No database or serverside processing needed.

That's it!

Everything runs

  • BOTH locally and remote 
  • BOTH as a static website and a somewhat full-featured dynamic Content-Management System.

There's a small demo collection at  (read only)
Still starting to populate it, first I have to FIND all stuff :-) 

And of course: Open Source and everything.
It's made for personal use, but you're free to give it a go. Feature requests are welcome.
It runs one Node but if that doesn't ring any bells there are also pre-compiled binaries for Windows, Mac and Linux

Kiss Catalog


These "design" decisions have some drawbacks:


  • Flat file "databases" only go that far, if your collections is reaching like a 100.000 items, Kiss-catalog is not for you
  • Because everything is generated from your local files, this might get slow with large collections. Also there's no image processing (yet) so all images are displayed "as is" : if you fill everything with 4K images, loading will be slow.
  • If I ever want to add features like "private files or folders" or whatever - I will probably have to settle for some naming scheme.
  • Likewise for "calculated" fields like prices etc. some convention will be necessary. 


The Philosophy

I've been pondering the last few months (years?) over something I call "sustainable software"
It's probably not a new concept but that's what I call it in my head. 
Basically it means that a developer should write software that is as simple as possible for the job.
Not because simplicity is a goal in itself, but because simple software lasts longer.
It's easier to maintain, consumes less resources, runs faster, ...

Developers should write software to last.
It's all too easy to quickly throw something together using the funky libraries and frameworks that today are considered "modern". Before you know it you're lugging along a staggering dependency tree and rely on a multitude of online services to get your thing built/compiled/deployed.

Yes, you're the cool kid on the block, but how will it look in a few years? Will it still build/compile/deploy?
If it's a fairly simple web-app, do you really need that 2 MB javascript package, 7000 lines of CSS and 4MB initial page load? Maybe ...

In this project "sustainable software" means:

  • no exotic or platform dependent file formats. plain text RULEZ
  • no external (web)platforms: it's the only way to make sure your data is still there in a few years time.
  • no code dependencies. again: it's the only way to make sure your system still runs in a few years time.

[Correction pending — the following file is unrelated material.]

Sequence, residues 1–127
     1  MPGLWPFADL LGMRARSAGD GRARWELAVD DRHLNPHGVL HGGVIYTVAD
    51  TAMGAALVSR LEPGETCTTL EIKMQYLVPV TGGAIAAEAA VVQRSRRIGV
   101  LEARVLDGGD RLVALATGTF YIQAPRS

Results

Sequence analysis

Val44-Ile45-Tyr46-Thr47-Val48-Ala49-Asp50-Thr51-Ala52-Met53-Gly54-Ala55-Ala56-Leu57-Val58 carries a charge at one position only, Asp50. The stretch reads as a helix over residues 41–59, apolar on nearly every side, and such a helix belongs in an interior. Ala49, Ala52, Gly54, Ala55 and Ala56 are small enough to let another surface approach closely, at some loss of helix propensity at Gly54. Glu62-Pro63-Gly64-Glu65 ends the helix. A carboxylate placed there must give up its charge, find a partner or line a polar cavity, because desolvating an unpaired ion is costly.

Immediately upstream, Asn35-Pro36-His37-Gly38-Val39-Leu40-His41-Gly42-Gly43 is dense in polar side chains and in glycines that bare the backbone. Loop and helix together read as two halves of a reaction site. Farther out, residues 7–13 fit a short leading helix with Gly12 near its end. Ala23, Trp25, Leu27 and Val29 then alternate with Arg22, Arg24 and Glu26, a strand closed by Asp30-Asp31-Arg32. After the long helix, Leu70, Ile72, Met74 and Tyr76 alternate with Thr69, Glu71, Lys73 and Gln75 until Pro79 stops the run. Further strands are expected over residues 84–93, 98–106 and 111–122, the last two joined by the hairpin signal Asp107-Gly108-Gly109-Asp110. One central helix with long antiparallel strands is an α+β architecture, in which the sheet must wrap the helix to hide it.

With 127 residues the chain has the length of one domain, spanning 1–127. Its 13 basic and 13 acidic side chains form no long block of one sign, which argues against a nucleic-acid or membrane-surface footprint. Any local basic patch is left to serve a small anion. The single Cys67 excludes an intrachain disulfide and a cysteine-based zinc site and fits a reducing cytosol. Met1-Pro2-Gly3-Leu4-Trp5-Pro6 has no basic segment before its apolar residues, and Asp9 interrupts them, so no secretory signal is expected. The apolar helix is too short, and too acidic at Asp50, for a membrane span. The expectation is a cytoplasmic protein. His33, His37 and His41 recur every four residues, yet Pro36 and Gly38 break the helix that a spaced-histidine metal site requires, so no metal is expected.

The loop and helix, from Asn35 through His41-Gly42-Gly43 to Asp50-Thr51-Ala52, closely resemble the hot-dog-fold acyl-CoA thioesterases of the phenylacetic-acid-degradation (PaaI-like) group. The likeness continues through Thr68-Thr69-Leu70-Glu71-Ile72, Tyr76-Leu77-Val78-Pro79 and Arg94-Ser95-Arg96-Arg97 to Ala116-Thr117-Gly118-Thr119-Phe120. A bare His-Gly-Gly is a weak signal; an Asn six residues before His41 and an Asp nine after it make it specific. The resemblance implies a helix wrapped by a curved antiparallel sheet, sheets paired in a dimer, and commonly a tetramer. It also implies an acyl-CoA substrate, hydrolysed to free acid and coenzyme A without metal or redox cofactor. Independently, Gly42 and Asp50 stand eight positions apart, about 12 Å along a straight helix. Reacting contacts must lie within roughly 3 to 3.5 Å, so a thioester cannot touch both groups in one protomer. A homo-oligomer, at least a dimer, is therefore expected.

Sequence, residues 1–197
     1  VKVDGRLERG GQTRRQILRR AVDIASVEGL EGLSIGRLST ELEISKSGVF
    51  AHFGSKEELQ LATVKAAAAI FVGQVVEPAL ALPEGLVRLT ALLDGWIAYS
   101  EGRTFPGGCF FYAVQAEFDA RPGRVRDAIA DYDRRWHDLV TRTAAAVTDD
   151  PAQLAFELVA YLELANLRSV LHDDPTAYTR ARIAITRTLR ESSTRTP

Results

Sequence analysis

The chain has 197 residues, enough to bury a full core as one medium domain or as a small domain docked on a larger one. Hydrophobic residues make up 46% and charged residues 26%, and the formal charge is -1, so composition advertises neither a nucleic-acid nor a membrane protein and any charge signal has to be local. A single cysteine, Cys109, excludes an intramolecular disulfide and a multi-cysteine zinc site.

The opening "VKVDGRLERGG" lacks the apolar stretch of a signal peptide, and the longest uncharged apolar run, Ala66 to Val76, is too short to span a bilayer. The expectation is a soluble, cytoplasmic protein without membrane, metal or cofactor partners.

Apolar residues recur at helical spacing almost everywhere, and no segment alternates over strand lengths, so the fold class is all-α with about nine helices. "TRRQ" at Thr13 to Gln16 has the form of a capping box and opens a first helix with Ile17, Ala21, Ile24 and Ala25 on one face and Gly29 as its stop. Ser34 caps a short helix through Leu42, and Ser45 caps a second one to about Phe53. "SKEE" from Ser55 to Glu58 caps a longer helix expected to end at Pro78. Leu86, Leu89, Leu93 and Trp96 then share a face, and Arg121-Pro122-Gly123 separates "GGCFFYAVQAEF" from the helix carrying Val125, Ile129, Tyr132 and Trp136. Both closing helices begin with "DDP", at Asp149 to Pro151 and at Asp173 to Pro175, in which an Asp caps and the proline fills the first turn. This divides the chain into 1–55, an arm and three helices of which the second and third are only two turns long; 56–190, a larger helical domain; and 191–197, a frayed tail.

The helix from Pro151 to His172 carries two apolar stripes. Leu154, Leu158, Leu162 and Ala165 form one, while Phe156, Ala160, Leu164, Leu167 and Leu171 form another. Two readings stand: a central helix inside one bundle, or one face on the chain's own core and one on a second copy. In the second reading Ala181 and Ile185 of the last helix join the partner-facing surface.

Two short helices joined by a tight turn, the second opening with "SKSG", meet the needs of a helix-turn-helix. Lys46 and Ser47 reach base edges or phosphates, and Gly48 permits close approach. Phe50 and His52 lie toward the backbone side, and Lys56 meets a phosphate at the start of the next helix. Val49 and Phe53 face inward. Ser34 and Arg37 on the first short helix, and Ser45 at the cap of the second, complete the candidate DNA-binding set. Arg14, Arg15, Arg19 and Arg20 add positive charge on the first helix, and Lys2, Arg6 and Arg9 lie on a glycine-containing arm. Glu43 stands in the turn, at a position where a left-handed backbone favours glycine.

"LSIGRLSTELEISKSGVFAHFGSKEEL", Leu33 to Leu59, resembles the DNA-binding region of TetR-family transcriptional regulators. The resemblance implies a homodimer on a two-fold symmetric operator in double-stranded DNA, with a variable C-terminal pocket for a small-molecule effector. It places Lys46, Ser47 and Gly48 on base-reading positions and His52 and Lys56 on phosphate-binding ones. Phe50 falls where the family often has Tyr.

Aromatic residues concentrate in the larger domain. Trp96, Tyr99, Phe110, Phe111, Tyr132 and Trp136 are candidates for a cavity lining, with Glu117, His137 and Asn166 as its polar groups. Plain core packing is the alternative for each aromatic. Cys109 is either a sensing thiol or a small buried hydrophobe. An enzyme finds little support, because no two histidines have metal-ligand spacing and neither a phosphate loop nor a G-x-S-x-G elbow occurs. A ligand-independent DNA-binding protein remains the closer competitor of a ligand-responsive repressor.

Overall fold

• platform independent. everything should run on - and be maintainable from - whatever device you use. 

 Anyway - that's food for maybe another blog post - don't get me started on frontend builds that pull in ONE MILLION packages and takes 20 minutes and 8gig to build ... 

For now: Happy Cataloguing!


The past years I have been slowly tinkering on various Amiga Projects.
Mostly in JavaScript, mostly to unlock various parts of the huge Amiga ecosystem: parsing ancient filesystems and fileformats, reading and writing Amiga files with new tools, ...

Slowly all these various tidbits are coming together in the big plan: to break the Amiga out of it's emulated container and to seamlessly integrate in a modern OS.

That modern OS is platform independent. It runs on everything and it is accessible from everywhere.
For me, this translated to an OS that is web based. It runs in your browser and it lives in the cloud.

There have been many approaches to such an OS, some of them - like FriendUP - clearly have their roots in the Amiga system.
One of the most interesting ones is Amibian.js. It's also inspired by the Amiga and it runs in javaScript: Node.js on the backend, browser in front.

I've been talking with Jon - the creator of Amibian.js.
It's a HUGELY ambitious project, ranging from custom compilers in various programming languages to a recreation of an Amiga-like OS, complete with compatible system library calls and more.

When doing a modern Amiga inspired OS, one of the big questions is how you handle legacy software.
The Amiga has an old but super mature ecosystem of programs but sadly all that software doesn't run anymore on modern systems.
The solution is to emulate that old hardware so you can still run all that old software.
The most used Amiga Emulator is WinUAE, a glorious and ultra-advanced piece of code.
Rupert Hausberger did the daunting task of porting it to javascript.

The drawback of emulating an Amiga is that it is a contained black-box system that has no knowledge of the larger system it's running on. WinUAE handles this quite elegantly by allowing a shared filesystem, but in your browser there's no such thing.

This is where I stepped in: an emulated boxed Amiga running in your browser is cool, but wouldn't it be even cooler to break it open?
You could use Amiga software to seamless edit/play your local files,
or launch modern non-Amiga tools from within the Amiga,
or compile a program for Amiga with today's tools and launch it directly on an emulated 68k CPU
or ....

All this directly available on whatever system you use and wherever you are.

In the end, the underlying technicalities shouldn't matter.
It shouldn't matter what OS a program was written for, or where your files are exactly, or even who's physical machine you are using. Just launch your space and mold it to your liking.

Amibian.js already tries to break the barriers between the browser and your local system.
Browser or native? It shouldn't matter.

I will gladly help and try to break the barriers between the emulated environments and the native ones:
Emulated or native? It shouldn't matter.
The top video is a first demo of the progress. It shows various aspects of building such a system.
Most notably a shared filesytem so both systems (emulated and native) can access the same files.

Everything you see is running in the browser.
The (emulated) Amiga is on the right, the host system is on the left.
We're still doing babysteps: trying out stuff and laying the foundation for the bigger plan.

The concept is always the same: a seamless integration where it doesn't matter anymore where your files are or on what platform your program is running on.